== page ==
Tenor saxophonist David S. Ware is something of a prophet. That may sound like a melodramatic exaggeration, but it's true. Ware belongs in a long tradition of African American musical testimony which finds its roots in the early days of slavery and which has manifested itself in subsequent forms of revelation including the blues and gospel. During the development of jazz, its identity evolved through the music of John Coltrane (A Love Supreme) and Albert Ayler (Spiritual Unity). Ware draws heavily from these two masters, though he has carved out a distinctive sound of his own. In some sense, Ware too has seen the lightand his humble role in this world is to share that vision with others.
When I recently spoke with Ware, he talked about his musical inspiration in no uncertain terms: "Sonny Rollins is the living master of the tenor saxophone... I consider him my father." And so he pays dramatic tribute here through his own rendition of the master's 1958 extended composition "Freedom Suite." This version, like the original, builds from short, clear themes within a simple overall frameworkwhich makes the improvised aspect of the piece particularly important. Ware applies his own interpretation, which is decidedly more modern and abstract than the original. The tenor player seems to be yearning, reaching skyward for the cadence of inspiration and the tone of revelation. And as always, his supporting cast plays an integrated role. Matthew Shipp steps up to fill new space in a composition that originally had no piano, lending a stark, gothic voice. Bassist William Parker maintains an organic connection with the spirits, which manifests itself through the irrevocable union of melody, harmony, and rhythm. And Guillermo E. Brown (by far the youngest of the group) lends a fresh, sharp, versatile sound on the drums that supplies as much color as pulse.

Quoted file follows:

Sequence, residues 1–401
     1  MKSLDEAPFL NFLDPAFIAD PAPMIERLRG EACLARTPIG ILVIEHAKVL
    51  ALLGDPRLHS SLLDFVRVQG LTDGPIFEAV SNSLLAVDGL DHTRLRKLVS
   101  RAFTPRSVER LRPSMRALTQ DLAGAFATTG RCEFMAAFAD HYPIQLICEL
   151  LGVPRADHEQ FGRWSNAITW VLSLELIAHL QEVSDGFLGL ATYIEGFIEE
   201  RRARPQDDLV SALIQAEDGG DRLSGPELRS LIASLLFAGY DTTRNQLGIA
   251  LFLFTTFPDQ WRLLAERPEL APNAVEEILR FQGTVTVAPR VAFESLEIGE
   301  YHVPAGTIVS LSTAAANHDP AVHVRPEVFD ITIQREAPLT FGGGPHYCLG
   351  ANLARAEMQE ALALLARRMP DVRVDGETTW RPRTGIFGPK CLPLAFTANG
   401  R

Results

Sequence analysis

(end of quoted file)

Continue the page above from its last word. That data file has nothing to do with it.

The Freedom Suite is emotionally involving the whole way through. And after these forty minutes have passed, there's a palpable sense of calm and resolution. Perhaps that's a sign that Ware has managed to pass along some of his spiritual vision. (These things are hard to put into words.)
This record is the deepest, most coherent, and most accessible DSWQ disc I've heard, and the best record of the year by far. Consider that a recommendation.
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